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Governing Immigration Through Crime

Governing Immigration Through Crime

Author: Julie A. Dowling, Jonathan Xavier Inda
Publisher: Stanford University Press
ISBN: 0804785414
Pages: 320
Year: 2013-03-27
In the United States, immigration is generally seen as a law and order issue. Amidst increasing anti-immigrant sentiment, unauthorized migrants have been cast as lawbreakers. Governing Immigration Through Crime offers a comprehensive and accessible introduction to the use of crime and punishment to manage undocumented immigrants. Presenting key readings and cutting-edge scholarship, this volume examines a range of contemporary criminalizing practices: restrictive immigration laws, enhanced border policing, workplace audits, detention and deportation, and increased policing of immigration at the state and local level. Of equal importance, the readings highlight how migrants have managed to actively resist these punitive practices. In bringing together critical theorists of immigration to understand how the current political landscape propagates the view of the "illegal alien" as a threat to social order, this text encourages students and general readers alike to think seriously about the place of undocumented immigrants in American society.
Governing Immigration Through Crime

Governing Immigration Through Crime

Author: Julie Dowling, Jonathan Inda
Publisher: Stanford Social Sciences
ISBN: 0804778809
Pages: 384
Year: 2013-03-27
In the United States, immigration is generally seen as a law and order issue. Amidst increasing anti-immigrant sentiment, unauthorized migrants have been cast as lawbreakers. Governing Immigration Through Crime offers a comprehensive and accessible introduction to the use of crime and punishment to manage undocumented immigrants. Presenting key readings and cutting-edge scholarship, this volume examines a range of contemporary criminalizing practices: restrictive immigration laws, enhanced border policing, workplace audits, detention and deportation, and increased policing of immigration at the state and local level. Of equal importance, the readings highlight how migrants have managed to actively resist these punitive practices. In bringing together critical theorists of immigration to understand how the current political landscape propagates the view of the "illegal alien" as a threat to social order, this text encourages students and general readers alike to think seriously about the place of undocumented immigrants in American society.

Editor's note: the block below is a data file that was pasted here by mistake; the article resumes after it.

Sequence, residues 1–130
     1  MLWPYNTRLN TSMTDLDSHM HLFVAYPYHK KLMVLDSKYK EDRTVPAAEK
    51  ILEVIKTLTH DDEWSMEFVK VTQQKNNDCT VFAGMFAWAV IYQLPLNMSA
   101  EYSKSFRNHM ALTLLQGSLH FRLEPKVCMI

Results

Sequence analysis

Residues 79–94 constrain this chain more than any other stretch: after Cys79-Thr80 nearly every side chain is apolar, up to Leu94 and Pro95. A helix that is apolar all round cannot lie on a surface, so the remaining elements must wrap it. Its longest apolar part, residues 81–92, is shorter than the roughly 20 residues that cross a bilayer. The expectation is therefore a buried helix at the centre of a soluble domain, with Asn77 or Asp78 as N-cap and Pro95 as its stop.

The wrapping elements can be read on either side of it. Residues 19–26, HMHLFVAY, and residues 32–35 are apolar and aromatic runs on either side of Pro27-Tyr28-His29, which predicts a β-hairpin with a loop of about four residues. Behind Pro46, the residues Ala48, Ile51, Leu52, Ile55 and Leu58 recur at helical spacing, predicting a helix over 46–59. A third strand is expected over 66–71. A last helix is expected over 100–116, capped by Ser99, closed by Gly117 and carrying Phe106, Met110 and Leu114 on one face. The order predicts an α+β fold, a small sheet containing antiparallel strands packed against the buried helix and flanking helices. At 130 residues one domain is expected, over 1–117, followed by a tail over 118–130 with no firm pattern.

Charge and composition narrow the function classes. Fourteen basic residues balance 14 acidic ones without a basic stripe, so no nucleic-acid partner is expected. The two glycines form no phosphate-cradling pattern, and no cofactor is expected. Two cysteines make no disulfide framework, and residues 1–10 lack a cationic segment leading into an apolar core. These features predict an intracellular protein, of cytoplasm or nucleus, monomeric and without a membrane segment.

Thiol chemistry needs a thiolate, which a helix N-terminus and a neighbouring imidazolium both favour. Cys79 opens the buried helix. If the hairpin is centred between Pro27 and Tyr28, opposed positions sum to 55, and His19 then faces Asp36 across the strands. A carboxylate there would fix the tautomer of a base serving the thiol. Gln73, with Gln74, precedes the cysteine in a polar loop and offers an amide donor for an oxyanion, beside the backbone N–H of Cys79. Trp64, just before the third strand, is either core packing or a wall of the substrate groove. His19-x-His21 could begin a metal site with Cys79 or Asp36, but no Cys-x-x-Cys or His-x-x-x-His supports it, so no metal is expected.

Punishing Immigrants

Punishing Immigrants

Author: Charis E. Kubrin, Marjorie S. Zatz, Ramiro Martinez
Publisher: NYU Press
ISBN: 081474902X
Pages: 263
Year: 2012-10-15
Arizona’s controversial new immigration bill is just the latest of many steps in the new criminalization of immigrants. While many cite the presumed criminality of illegal aliens as an excuse for ever-harsher immigration policies, it has in fact been well-established that immigrants commit less crime, and in particular less violent crime, than the native-born and that their presence in communities is not associated with higher crime rates. Punishing Immigrants moves beyond debunking the presumed crime and immigration linkage, broadening the focus to encompass issues relevant to law and society, immigration and refugee policy, and victimization, as well as crime. The original essays in this volume uncover and identify the unanticipated and hidden consequences of immigration policies and practices here and abroad at a time when immigration to the U.S. is near an all-time high. Ultimately, Punishing Immigrants illuminates the nuanced and layered realities of immigrants’ lives, describing the varying complexities surrounding immigration, crime, law, and victimization. Podcast: Susan Bibler Coutin, on the process and effects of deportation —Listen here.
Targeting Immigrants

Targeting Immigrants

Author: Jonathan Xavier Inda
Publisher: John Wiley & Sons
ISBN: 1405150130
Pages: 224
Year: 2008-04-15